AG (to Student): Yeah, I like these. I just rewrote one. I rewrote the short one. In the back yard? or in the front yard in the grass? or where? - Not outside? - Ah, on the balcony. Well, okay - [Allen, attending to the students' poems] - "picks up, stuffing", rather than "and stole some" (I think)?. I mean, he didn't steal it, he.. what's the physical (object here)?
Student: I know, I thought of that after I'd...
AG: I just did that one. Rachael? [ sic]? - [no answer] - How many have finished their poem?, the assignment poem? Raise your hand. Now are they finished and ready to be handed in? or have they been handed in? Because.. those that have finished and have not handed them in, please do so at the end of the class. Is there anyone who has not finished it yet?. Raise your hand. High.real high (so I can see). One, two, three, four, just four. So see me, if you can do it, before the end of the class, or Monday. Is there anyone registered for credit besides Art? [sic]. You're registered for credit aren't you?
Student: No, not at all.
AG: I've got you listed as a credit student.
Student: That's a mistake.
AG: Well maybe go by and tell them (the office). Well let me check it out to be sure. Yeah. They got you registered as a credit student. So maybe just go straighten them out.
Student: Yeah, right.
AG: Is there anyone who's registered for credit who has not finished the poem? Huh - Okay - Because that's the main thing I'm worried about, that I have something (to grade). If I have to give marks then I have something to give marks on. I would also like, by the end of the week, for those who are registered for credit, to turn in a one-page paper, summarizing the gists of the entire session - from your notes, or from recollection, or from memory - the key points about poetics (not about my beard or something, but about poetics!) Yeah?
Student: Did you say that you do like a second poem instead of a paper, or do you want the paper?
AG: I would really be interested in a paper.
AG: I mean I'd also be interested in a second poem, but I'd also be interested in a paper because I'm just learning how to teach, and I'm trying to figure out what is coming across
AG: In other words, I need some kind of feedback, so that I know what it is I have said or what I've said clearly enough that it was heard..what I said clearly enough and strongly enough that it was heard and registered and will be bounced back. Because there were some really simple things that I was trying to say, over and over and over again, so I just want to see if it did get through.
Student: You're needing a critique of what you said? or a creative..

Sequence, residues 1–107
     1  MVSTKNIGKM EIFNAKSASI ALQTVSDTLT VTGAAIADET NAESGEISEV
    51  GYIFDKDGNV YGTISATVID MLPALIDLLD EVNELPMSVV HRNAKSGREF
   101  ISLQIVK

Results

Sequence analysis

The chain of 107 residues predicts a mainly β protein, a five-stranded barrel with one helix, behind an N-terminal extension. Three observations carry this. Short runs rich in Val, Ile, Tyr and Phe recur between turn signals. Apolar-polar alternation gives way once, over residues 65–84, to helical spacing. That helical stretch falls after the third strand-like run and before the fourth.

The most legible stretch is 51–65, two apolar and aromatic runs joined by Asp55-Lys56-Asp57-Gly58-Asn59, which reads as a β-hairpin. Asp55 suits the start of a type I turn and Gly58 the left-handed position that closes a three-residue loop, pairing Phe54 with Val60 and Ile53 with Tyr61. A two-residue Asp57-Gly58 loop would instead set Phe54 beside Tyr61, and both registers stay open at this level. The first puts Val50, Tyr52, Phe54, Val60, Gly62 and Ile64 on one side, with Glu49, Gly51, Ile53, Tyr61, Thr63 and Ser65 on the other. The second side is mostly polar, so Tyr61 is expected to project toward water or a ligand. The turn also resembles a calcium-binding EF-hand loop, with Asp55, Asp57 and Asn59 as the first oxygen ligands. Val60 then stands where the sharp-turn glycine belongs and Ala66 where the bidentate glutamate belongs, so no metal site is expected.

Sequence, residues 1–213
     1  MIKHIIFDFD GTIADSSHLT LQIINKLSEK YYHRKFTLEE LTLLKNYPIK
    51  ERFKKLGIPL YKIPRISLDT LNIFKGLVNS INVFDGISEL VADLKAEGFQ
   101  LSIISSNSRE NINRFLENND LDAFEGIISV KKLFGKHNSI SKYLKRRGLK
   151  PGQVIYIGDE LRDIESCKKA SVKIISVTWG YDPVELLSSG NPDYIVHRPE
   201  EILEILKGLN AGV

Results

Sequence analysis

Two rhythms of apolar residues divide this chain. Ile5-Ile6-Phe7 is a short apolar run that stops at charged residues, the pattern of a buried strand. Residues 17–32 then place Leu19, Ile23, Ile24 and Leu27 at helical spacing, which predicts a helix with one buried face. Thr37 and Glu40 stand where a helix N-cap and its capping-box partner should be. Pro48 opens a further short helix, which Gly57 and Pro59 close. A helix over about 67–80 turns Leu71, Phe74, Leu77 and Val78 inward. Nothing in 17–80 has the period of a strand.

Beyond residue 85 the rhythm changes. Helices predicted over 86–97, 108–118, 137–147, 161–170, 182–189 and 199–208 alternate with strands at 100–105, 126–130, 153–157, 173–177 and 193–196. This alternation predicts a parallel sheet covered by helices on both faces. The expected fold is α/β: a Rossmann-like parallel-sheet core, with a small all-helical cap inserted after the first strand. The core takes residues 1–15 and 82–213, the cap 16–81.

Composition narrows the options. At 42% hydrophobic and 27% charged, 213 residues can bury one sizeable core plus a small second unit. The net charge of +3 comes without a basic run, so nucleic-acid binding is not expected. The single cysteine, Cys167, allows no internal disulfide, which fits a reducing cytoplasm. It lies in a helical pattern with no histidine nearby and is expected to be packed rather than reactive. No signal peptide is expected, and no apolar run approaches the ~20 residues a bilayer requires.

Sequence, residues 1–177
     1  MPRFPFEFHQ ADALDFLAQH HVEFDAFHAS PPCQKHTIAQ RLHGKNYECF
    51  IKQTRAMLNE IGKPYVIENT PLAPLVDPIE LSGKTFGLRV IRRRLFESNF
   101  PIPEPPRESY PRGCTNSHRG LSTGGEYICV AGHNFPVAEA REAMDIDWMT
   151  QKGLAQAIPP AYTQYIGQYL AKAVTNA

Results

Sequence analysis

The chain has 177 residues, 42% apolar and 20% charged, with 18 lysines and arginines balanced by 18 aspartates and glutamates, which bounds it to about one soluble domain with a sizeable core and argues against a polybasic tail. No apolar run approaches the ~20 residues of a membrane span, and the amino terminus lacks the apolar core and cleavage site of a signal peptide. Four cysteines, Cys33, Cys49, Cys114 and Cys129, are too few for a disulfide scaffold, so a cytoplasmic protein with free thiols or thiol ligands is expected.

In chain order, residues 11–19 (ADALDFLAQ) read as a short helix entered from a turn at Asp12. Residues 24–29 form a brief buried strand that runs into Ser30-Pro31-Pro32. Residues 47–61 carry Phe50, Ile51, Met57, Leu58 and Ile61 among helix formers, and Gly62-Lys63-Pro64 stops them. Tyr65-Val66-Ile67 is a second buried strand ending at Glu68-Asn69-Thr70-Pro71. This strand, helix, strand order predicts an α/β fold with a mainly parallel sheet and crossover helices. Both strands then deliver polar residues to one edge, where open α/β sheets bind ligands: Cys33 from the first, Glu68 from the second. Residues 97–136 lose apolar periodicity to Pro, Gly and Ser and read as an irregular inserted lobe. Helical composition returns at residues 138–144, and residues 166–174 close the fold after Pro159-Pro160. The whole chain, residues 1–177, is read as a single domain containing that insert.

AG: No, (a) critique (is) not necessary, simply a Williams-like description of what was said. In other words, the facts of what went on in class, so to speak. If all that babble bullshit talk could be reduced to a few key phrases with examples. Mainly, I'm interested in what struck you most? what epiphanies, or what particular tiny visions you had in the classroom? (tiny visions of poetic language)? - the gists (Pound's word is "the gists and piths" - P-I-T-H-S - "gists and piths"), whatever got across that seems essential, the essential points. Is that clear? It would be useful to me (for the credit students, useful to make grades, but aside from that, for non-credit students, useful for me to know what I said and what was said clearly
Student: Are you giving.. is this like, you pass or you don't pass?
AG: Depends what you want.
Student: Or is this A-B-C.
AG: I can give A, B's or C's, or I can give (pass/no pass). If there's any need for letter grades, I'll give letter grades
Student: I just assumed it was a grading system, like in school
AG: No, I think the only reason grades are given is that people want to take them away to apply to other colleges [this is in 1975, and pre-Naropa accreditation] Some other colleges use pass/fail and some others require letter grades, so it's really up to you.
Student: What did you do the first session for grades?
AG: I gave letter grades, except for those who said pass/fail was all they needed.. They range generally from "B+" to "A-," "A" or "A minus". People who didn't try at all got a "B". A lot of "Incomplete"'s. A lot of "Incomplete"'s! I didn't have any record of some people being in class at all
(from the August 13 1975, Naropa, Allen Ginsberg class - "Mind Mouth and Page", (lectures on William Carlos Williams)